India’s love affair with poverty


We can list down a thousand reasons why India cannot lift millions of her citizens out of poverty even to this age. Corruption, the inefficiency of her pillars, the socialistic past, the siphoned off wealth by colonizers, so on and on. Among all undeniably valid excuses, one of the critical factors is probably a psychological one. Various studies and theories on India’s poverty map indicate that the mentality and the torchbearers of Gareebi Hatao could be at blame. Apparently, out revered and romanticized feeling towards poverty is one of the most significant constraints.

Believe it or not, India loves her poor and would like to cherish it. In other words, we subconsciously feel it’s a sin to dream big. While West celebrates Scrooge McDuck and Jordan Belfort showering themselves on dollar bills, India celebrates poor Sudhama, a poverty-stricken childhood buddy of Lord Krishna. Western media, entertainment and literature industries talk about getting rich quickly; their Indian counterparts say it’s absolutely OK to be the poor. Western movies depict insanely lucky at Las Vegas bounties, Vin Diesel robbing bank lockers, and million-dollar lottery wins. Indian, however, its quite the opposite. One of the three idiot’s mothers do not have enough money for roti, and another does not have the cash to buy a camera. Of course, these get a background score of violins playing for gut-wrenching music.

Only Striving for excellence, the will to make a change, and showing impatience towards mediocrity can lift us from poverty, not an endless list of excuses.

Anyways, this is one of the reasons I hate the movie, Slumdog Millionaire. Even though it’s a well-made film, I’m not too fond of it. It has won many, many academy awards. I dislike it, not just despite of, but because of.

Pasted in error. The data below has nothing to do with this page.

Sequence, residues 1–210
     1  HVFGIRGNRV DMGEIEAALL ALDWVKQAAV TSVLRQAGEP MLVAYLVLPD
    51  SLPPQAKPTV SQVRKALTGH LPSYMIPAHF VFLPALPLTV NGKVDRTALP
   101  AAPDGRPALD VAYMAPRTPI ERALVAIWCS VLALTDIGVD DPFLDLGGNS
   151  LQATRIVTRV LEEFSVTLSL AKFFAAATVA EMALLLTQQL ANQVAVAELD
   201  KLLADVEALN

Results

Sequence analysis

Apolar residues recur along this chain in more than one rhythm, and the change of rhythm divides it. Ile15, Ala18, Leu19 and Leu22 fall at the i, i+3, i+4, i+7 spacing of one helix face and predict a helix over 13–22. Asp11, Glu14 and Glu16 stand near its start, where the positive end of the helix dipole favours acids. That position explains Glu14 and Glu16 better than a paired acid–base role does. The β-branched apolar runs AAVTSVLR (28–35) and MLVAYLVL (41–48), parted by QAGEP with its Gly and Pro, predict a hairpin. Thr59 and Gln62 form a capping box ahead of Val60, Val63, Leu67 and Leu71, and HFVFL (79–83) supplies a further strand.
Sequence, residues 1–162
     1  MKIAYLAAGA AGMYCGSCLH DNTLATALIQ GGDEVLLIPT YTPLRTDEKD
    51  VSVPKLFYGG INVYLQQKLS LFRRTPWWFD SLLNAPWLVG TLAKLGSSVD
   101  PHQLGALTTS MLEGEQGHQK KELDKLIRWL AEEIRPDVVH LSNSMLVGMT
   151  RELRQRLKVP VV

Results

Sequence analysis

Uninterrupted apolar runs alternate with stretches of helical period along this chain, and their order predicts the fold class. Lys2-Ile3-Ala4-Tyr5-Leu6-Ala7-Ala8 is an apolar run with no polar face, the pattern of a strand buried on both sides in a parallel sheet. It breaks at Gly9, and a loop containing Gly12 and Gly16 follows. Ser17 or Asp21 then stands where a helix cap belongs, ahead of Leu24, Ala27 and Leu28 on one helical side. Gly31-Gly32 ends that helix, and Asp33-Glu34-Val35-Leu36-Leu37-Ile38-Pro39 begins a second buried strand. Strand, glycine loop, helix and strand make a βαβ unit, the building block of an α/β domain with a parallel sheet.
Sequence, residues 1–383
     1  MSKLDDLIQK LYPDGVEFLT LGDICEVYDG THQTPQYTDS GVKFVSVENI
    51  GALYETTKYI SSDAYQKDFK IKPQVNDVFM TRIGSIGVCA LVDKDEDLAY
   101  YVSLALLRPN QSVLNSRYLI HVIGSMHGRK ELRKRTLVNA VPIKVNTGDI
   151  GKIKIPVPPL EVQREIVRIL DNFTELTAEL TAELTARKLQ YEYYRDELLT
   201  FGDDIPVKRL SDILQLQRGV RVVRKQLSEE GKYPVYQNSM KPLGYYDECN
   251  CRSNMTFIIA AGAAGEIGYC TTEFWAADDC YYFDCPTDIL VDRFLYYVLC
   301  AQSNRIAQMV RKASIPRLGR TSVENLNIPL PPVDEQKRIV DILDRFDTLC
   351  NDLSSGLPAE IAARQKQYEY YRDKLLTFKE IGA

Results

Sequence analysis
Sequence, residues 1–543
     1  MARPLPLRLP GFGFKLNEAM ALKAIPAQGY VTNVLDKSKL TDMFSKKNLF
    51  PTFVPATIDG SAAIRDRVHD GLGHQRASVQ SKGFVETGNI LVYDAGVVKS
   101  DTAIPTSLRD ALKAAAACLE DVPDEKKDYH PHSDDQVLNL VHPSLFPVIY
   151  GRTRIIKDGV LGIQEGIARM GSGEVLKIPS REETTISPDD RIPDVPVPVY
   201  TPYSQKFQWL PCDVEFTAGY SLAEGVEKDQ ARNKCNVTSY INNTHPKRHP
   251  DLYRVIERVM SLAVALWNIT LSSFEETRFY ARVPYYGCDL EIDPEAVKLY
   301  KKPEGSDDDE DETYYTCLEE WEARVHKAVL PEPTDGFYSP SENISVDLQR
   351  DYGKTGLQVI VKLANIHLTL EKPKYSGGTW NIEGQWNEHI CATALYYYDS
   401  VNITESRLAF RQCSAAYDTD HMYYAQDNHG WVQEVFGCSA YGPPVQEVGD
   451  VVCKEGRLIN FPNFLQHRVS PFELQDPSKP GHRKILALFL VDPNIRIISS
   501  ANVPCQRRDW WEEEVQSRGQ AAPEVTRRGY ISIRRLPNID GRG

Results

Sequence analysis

Compare this against the OTT series, Scam 1992. It shows two brothers constantly and impatiently looking out for a way to get out of the pigeonhole they lived in.

Singlehandedly, Slumdog millionaire has managed to cause irreversible damage to slum dwellers of Mumbai and pan India. In fact, It has created an entirely undesirable new industry – slum tourism. Despite the quick buck it brings in, it builds a psychological effect on the residents. Its a thought of “it might as well be OK to stay there forever”. I believe you are already aware by now; apparently, there is an entire ecosystem that has evolved just to cater to the slum tourist needs. Tour guides who can help you navigate the slum with the best possible experience. These guides will come packed with water, cookies, sunscreen lotion, identify the best photo opportunity for Instagram, hold you an umbrella and wipe your seats.

Don’t get me wrong, its not an India image I am worried about. Who are we kidding? A slum is a slum. But lets not celebrate it, lets acknowledge it as a staging area of migrant workers abandoned their farming role, and came there in search of better life. And for heavens sake, lets get them out of there.

BTW, The West’s fascination with the underdog is another topic altogether. They simply want to put the underdog on a frame or a cage, exhibit it, and maybe even take a poke at it. I cannot explain this fully, but I believe it is related to the hunger for existential superiority of culture, ideology, and even religion. They love slums, and if it’s legal, they might even make a zoo. Please be informed, I am NOT making this up. This has happened before. History provides a myriad of examples. Let me pick the first one that comes to my mind. Please follow this link for more on same category

An Indian family and their elephant on display at Berlin Zoo through Rare Historical Photos

A case for ‘pure poison’ coconuts


In your opinion, what is the most vilified food item or ingredient that ever is, and does not deserve the hate?